Vocation Virtually: Place, Roles, Responsibilities

Part 2 of a series describing an electronic “vPortfolio” (vocation portfolio) developed at Augsburg University and centered on five metaphors for vocation: place, path, perspective, people, story.

A second metaphor for vocation is place.  Understanding this metaphor cultivates the sense that “I’m in the right place.”

The metaphor of place is most at home in the Lutheran tradition, reflecting Martin Luther’s (1483-1546) revolutionary argument that God equally values all roles, that of parent as well as priest, that of shoemaker or brewer as well as monk or nun. Lutheran theologian Dietrich Bonhoeffer (1906-1945) identifies these roles as “places of responsibility,” where one might serve both God and neighbor. In language prominent in the vocation movement in American higher education, theologian Frederick Buechner (b. 1926) defines vocation: “the place God calls you to is the place where the world’s deep hunger and your own deep gladness meet.” 

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Vocation Virtually: The metaphor of perspective

Part of a series describing an electronic “vPortfolio” (vocation portfolio) developed at Augsburg University and centered on five metaphors for vocation: place, path, perspective, people, story. 

In this post I will share an exercise inviting students to reflect on how they want to “show up” in the world, a phrase—thanks to Rev. Kristen Glass Perez at Muhlenberg College—that captures the dimension of vocation in this important part. The metaphor of perspective emphasizes identity or angle-of-vision. Understanding this dimension of vocation cultivates the sense that: “This is who I am; this is what I stand for; this is who I stand with.”

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Vocation Virtually: Calling in this time of twin pandemics

Five metaphors to guide students in thinking about their vocation

We begin the academic year against the backdrop of twin pandemics: COVID-19 and systemic racism exposed by George Floyd’s murder. These viruses change everything, from course content to technologies for delivering it. How can we thoughtfully respond—rather than instinctively react—to the call of the present moment?  

I have no answers, only a story whose final chapter has not been written. Like every story, metaphors propel it forward. I offer both story and metaphors, along with some exercises that unpack these metaphors in a way that might inform your own response to the present moment.

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Life in the Resurrection Zone: Vocation in the midst of pandemic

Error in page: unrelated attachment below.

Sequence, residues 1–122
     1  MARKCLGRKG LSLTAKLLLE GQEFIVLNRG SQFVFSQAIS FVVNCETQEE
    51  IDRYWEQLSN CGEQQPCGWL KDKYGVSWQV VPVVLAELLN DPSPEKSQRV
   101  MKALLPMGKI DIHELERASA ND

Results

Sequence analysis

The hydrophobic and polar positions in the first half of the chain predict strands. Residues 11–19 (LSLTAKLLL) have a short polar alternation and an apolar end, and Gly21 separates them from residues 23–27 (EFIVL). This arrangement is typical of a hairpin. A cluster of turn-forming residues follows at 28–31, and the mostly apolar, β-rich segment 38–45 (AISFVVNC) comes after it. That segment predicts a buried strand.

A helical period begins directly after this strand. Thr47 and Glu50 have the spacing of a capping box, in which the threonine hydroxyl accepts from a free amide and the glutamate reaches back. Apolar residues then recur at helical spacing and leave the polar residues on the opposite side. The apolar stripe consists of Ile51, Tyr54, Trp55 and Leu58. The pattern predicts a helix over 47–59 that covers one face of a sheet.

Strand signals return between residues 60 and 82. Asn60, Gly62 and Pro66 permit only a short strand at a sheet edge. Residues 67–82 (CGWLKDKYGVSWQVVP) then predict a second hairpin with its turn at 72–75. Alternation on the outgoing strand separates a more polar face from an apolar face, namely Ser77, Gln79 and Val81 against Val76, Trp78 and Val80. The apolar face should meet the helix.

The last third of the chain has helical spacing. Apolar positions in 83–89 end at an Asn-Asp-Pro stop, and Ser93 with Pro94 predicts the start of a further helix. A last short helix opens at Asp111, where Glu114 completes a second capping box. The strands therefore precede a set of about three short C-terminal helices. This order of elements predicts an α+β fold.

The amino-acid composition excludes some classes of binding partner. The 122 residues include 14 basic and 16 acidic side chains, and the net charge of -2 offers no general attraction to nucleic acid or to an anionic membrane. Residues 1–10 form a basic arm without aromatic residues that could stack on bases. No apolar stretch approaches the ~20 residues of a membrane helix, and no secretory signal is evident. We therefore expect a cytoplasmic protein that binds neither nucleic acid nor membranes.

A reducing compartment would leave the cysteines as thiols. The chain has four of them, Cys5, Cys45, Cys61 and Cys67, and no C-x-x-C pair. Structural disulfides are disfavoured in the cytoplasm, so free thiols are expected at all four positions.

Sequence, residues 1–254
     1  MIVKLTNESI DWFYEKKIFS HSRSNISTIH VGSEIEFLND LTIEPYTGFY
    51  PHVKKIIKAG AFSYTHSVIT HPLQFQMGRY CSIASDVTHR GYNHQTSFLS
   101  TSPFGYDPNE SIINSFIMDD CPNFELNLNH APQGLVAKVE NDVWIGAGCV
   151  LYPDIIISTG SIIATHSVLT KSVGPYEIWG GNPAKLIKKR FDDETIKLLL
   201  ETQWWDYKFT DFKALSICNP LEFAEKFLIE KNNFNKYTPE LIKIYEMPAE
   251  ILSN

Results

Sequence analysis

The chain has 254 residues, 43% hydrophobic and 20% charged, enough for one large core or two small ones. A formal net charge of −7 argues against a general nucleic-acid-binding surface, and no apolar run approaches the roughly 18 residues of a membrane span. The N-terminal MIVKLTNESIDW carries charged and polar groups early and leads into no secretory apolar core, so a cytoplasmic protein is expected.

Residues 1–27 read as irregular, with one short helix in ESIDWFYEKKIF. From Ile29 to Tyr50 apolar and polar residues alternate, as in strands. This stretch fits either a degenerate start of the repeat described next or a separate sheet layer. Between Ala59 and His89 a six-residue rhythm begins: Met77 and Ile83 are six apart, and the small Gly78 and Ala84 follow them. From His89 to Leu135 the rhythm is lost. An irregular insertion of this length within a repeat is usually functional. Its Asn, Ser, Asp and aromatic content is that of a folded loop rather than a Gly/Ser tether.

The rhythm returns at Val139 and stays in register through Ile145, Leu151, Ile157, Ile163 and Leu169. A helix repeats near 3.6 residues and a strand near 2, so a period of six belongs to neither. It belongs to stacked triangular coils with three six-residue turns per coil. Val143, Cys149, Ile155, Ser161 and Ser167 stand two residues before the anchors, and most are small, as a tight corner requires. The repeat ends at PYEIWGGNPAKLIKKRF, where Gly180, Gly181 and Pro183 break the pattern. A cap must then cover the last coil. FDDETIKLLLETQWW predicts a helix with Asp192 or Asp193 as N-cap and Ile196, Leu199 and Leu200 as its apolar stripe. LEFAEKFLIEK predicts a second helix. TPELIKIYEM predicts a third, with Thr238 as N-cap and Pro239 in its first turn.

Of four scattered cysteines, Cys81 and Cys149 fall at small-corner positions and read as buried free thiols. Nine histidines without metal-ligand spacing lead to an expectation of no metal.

For most of us right now, there’s one question and one question only. Appropriate to vocation, it’s a Big Question: When will things get back to normal? 

When will we be able to gather in classrooms and places of worship again?  When will restaurants open again for more than take-out? When can we lose the masks, the hand sanitizer, the sand-papery hands? When will we be able to hold open doors, to shake hands, hug our loved ones? When will things get back to normal? Pay attention to that Big Question, as we move through these final weeks of the semester. The Resurrection Zone offers some surprising responses.

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Jonah: a parable of calling

What does the biblical figure of Jonah have to teach us about calling? On the surface, not much. In fact, Jonah may be the great anti-hero of vocation. 

God calls Jonah–and he runs in the opposite direction. God asks him, a good and upright man, to “Go to great city of Nineveh and tell them to end their wicked ways.” Now, to a Jew, Nineveh lay in enemy territory; it was in the country of the Assyrians. Nineveh was the Paris, the Mexico City, the Shanghai of the ancient world, an “exceedingly large city,” a city of “a hundred and twenty thousand people–and many animals,” a city it takes “three days to walk across.”

Maybe Jonah thinks this calling is beneath his pay grade. Maybe he crosses borders with difficulty. Maybe his passport has expired. Maybe he’s just terrified. But he’s quite certain the God of Israel should not bother with the Ninevites and Assyrians, because they’re not part of the “chosen people.” They don’t worship the God of Abraham and Sarah, Isaac and Rebekah, and Jacob and Rachel and Leah. So Jonah boards a ship heading across a different sea. He thinks he can outrun God’s call.

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